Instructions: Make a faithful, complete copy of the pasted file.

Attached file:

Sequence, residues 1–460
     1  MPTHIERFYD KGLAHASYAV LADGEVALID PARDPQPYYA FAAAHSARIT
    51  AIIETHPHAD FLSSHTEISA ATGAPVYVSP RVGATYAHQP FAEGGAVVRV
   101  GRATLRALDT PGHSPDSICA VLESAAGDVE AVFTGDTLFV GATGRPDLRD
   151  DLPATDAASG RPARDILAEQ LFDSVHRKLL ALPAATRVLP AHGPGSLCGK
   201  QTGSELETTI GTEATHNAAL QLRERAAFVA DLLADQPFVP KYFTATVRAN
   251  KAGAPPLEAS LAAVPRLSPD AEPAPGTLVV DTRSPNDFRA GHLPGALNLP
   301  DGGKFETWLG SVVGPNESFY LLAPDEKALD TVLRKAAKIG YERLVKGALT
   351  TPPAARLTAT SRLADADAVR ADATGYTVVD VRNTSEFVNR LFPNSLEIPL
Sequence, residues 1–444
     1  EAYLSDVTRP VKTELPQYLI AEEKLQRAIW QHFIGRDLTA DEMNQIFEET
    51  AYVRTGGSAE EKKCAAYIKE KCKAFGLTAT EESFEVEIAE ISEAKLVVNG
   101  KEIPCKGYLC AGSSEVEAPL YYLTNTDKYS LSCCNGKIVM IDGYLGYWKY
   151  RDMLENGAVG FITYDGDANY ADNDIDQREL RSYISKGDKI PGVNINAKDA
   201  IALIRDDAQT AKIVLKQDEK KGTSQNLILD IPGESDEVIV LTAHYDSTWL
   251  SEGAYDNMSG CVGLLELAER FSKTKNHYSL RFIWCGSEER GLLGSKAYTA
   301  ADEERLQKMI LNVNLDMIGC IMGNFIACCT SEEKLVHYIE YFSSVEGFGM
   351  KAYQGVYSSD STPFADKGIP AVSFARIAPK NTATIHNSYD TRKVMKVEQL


Sequence, residues 1–460
     1  MPTHIERFYD KGLAHASYAV LADGEVALID PARDPQPYYA FAAAHSARIT
    51  AIIETHPHAD FLSSHTEISA ATGAPVYVSP RVGATYAHQP FAEGGAVVRV
   101  GRATLRALDT PGHSPDSICA VLESAAGDVE AVFTGDTLFV GATGRPDLRD
   151  DLPATDAASG RPARDILAEQ LFDSVHRKLL ALPAATRVLP AHGPGSLCGK
   201  QTGSELETTI GTEATHNAAL QLRERAAFVA DLLADQPFVP KYFTATVRAN
   251  KAGAPPLEAS LAAVPRLSPD AEPAPGTLVV DTRSPNDFRA GHLPGALNLP
   301  DGGKFETWLG SVVGPNESFY LLAPDEKALD TVLRKAAKIG YERLVKGALT
   351  TPPAARLTAT SRLADADAVR ADATGYTVVD VRNTSEFVNR LFPNSLEIPL
Sequence, residues 1–444
     1  EAYLSDVTRP VKTELPQYLI AEEKLQRAIW QHFIGRDLTA DEMNQIFEET
    51  AYVRTGGSAE EKKCAAYIKE KCKAFGLTAT EESFEVEIAE ISEAKLVVNG
   101  KEIPCKGYLC AGSSEVEAPL YYLTNTDKYS LSCCNGKIVM IDGYLGYWKY
   151  RDMLENGAVG FITYDGDANY ADNDIDQREL RSYISKGDKI PGVNINAKDA
   201  IALIRDDAQT AKIVLKQDEK KGTSQNLILD IPGESDEVIV LTAHYDSTWL
   251  SEGAYDNMSG CVGLLELAER FSKTKNHYSL RFIWCGSEER GLLGSKAYTA
   301  ADEERLQKMI LNVNLDMIGC IMGNFIACCT SEEKLVHYIE YFSSVEGFGM
   351  KAYQGVYSSD STPFADKGIP AVSFARIAPK NTATIHNSYD TRKVMKVEQL